- The medical device industry has pitched a 26% increase in user fee funding to FDA as part of MDUFA V negotiations, according to analysts at Cowen.
- The fifth version of the Medical Device User Fee Amendments program will shape how much the industry pays for FDA product reviews from 2023 to 2027 and what goals the agency aims to achieve. The industry's offer tops $1.2 billion.
- FDA and industry, which have uncovered "fundamentally different" views in the negotiations, are expected to provide an agreement to Congress in January. At that point, lawmakers are expected to start tying other reforms including the new 21st Century Cures Act to the bill. Medtech lobby AdvaMed declined to comment on the negotiations.
The public meetings from MDUFA V negotiations held earlier in the year touch on the question of how much user fee funding FDA will receive without providing a figure. Industry has now reportedly put the figure at $1.2 billion, opening a new front in the negotiations with FDA.
While the figure is up on the almost $1 billion agreed for MDUFA IV, a sizable slice of the extra cash is accounted for by carryover balance. Removing the carryover from MDUFA IV shrinks the industry offer to $1.1 billion. The use of the carryover balance was a focal point of MDUFA meetings earlier in the year, with FDA seeking industry feedback on how to allocate the funds.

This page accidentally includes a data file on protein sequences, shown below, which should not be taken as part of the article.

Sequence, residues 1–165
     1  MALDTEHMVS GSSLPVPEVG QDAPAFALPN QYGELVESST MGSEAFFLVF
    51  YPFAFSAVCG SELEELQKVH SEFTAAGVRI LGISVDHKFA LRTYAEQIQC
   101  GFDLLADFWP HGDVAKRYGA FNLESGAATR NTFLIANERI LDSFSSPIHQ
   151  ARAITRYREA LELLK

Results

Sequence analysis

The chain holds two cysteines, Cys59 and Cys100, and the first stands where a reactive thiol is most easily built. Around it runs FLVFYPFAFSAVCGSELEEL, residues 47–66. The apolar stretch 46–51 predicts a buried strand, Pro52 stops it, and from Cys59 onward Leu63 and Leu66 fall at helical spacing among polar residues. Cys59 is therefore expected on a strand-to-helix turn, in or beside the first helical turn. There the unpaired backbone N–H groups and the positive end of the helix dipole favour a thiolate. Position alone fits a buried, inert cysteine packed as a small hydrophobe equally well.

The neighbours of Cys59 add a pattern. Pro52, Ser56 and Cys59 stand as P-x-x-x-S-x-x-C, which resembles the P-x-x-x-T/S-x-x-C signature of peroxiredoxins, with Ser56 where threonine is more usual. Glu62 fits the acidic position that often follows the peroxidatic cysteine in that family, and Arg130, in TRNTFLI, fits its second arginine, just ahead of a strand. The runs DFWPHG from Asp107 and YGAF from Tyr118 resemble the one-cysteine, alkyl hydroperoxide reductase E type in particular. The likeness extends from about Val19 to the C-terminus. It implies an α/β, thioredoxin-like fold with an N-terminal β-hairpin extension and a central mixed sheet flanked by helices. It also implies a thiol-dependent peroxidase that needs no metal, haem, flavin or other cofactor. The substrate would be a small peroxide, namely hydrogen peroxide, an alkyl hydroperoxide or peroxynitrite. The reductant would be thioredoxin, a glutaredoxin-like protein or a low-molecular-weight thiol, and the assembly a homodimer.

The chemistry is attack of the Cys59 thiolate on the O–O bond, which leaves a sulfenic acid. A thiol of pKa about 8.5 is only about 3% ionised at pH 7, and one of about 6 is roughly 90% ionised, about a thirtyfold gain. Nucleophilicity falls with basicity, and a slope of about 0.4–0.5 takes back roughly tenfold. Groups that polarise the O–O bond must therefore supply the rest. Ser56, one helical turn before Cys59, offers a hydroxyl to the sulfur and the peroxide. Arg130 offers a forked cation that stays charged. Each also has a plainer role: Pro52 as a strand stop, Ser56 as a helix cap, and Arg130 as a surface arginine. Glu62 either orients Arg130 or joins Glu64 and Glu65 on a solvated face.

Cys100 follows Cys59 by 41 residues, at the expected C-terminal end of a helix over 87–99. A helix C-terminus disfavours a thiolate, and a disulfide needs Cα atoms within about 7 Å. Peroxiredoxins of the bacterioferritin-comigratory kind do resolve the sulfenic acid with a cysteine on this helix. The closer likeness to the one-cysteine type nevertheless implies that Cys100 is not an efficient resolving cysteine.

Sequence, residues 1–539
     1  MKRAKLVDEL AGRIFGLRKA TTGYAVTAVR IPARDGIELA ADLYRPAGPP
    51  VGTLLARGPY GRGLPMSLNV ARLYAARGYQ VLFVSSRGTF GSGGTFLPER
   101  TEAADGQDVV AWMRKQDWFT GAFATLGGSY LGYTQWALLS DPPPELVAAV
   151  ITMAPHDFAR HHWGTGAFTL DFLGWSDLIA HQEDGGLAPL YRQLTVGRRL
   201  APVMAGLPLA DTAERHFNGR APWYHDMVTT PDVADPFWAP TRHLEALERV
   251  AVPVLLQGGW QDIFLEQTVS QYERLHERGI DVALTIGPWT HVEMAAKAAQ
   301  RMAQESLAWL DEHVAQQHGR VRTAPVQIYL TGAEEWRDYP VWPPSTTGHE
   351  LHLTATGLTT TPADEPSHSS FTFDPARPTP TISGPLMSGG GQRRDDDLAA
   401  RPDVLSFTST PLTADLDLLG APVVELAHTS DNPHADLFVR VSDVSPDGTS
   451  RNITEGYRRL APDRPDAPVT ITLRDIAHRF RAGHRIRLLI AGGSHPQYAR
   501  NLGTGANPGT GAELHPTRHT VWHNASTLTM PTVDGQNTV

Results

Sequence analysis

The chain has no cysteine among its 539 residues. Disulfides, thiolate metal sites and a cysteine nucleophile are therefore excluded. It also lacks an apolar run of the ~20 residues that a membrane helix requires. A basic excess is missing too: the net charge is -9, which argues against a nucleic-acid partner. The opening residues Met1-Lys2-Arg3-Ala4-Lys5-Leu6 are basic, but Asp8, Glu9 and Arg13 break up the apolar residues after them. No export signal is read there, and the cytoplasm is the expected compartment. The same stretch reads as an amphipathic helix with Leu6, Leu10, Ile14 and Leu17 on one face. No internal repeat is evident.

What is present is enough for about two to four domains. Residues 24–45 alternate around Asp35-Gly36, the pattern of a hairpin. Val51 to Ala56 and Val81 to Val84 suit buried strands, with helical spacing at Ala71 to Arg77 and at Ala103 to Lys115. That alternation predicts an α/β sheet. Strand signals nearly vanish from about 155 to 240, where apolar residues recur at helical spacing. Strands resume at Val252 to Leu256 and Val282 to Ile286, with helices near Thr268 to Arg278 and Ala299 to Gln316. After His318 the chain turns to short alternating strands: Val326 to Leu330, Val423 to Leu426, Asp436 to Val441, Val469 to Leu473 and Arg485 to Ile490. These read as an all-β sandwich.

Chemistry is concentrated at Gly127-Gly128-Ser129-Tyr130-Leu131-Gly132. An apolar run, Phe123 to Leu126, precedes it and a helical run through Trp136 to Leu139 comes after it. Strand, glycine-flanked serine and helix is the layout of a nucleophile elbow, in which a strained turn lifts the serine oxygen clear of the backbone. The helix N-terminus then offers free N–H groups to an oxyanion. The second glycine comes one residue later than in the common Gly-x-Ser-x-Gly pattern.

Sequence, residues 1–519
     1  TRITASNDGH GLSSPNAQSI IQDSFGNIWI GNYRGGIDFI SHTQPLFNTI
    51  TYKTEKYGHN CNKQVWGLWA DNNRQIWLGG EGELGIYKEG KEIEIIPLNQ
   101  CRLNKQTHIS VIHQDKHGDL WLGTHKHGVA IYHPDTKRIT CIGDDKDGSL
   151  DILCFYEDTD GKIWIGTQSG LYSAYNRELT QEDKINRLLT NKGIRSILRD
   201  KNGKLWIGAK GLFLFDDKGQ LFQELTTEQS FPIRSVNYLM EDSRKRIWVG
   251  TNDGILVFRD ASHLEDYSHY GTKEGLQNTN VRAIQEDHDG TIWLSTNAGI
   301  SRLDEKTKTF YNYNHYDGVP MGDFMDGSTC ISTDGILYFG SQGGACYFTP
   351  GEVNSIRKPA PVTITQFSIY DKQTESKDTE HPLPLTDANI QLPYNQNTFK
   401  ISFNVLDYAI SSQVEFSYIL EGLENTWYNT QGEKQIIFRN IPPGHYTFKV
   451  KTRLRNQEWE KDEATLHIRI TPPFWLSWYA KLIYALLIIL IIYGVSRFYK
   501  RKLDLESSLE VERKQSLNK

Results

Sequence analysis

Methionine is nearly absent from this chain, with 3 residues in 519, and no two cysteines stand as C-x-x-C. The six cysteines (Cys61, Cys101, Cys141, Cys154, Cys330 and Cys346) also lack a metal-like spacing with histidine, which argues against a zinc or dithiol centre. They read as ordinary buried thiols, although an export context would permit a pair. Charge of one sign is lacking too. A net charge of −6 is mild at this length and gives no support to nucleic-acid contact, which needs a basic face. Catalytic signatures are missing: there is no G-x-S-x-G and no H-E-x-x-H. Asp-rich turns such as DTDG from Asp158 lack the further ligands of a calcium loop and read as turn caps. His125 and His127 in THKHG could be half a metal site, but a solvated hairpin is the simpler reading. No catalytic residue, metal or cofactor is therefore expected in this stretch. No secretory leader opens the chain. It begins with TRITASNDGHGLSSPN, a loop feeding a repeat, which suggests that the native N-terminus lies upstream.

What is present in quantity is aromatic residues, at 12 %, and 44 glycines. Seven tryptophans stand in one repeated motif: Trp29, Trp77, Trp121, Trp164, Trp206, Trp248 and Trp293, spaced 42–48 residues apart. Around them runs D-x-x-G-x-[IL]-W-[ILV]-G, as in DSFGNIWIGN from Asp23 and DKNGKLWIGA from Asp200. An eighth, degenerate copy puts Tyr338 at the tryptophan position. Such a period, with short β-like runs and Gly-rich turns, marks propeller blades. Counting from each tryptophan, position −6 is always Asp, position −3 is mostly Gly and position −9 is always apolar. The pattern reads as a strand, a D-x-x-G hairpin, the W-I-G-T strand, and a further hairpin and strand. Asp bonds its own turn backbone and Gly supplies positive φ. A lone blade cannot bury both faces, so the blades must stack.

The Cowen analysts report the industry is most likely to propose using the funds to hire additional FDA reviewers. Industry negotiators have repeatedly hit on the need for FDA to fill open positions in the rounds of talks, including by setting "appropriate vacancy thresholds."
Even with the carryover, the 26% increase represents a sharp slowdown in the rate of user fee rises. The agreed amount more than doubled between MDUFA II and MDUFA III, and increased a further 68% for MDUFA IV. Industry has pushed back in MDUFA V talks, calling for congressional funding to remain the main source of FDA cash and the limiting of user fees to the premarket review process.
Zach Rothstein, AdvaMed's vice president for technology and regulatory affairs, declined to comment on MDUFA V. "Under the ground rules we set with FDA, I can't discuss what occurs at the negotiation until we have a final package," Rothstein said in an emailed statement.
The full effects of MDUFA V will only become clear once the bill gets to Congress. As the Cowen analysts note, MDUFA's status as a must-pass bill means lawmakers try to piggyback other reforms on the legislation.
This time around, the second version of the 21st Century Cures Act could be among the changes to secure a passage through Congress hitched to MDUFA. The Cowen analysts expect the final version of Cures 2.0 to include the Medicare Coverage of Innovative Technology initiative, which was set to give breakthrough devices automatic Medicare reimbursement before opponents derailed the policy.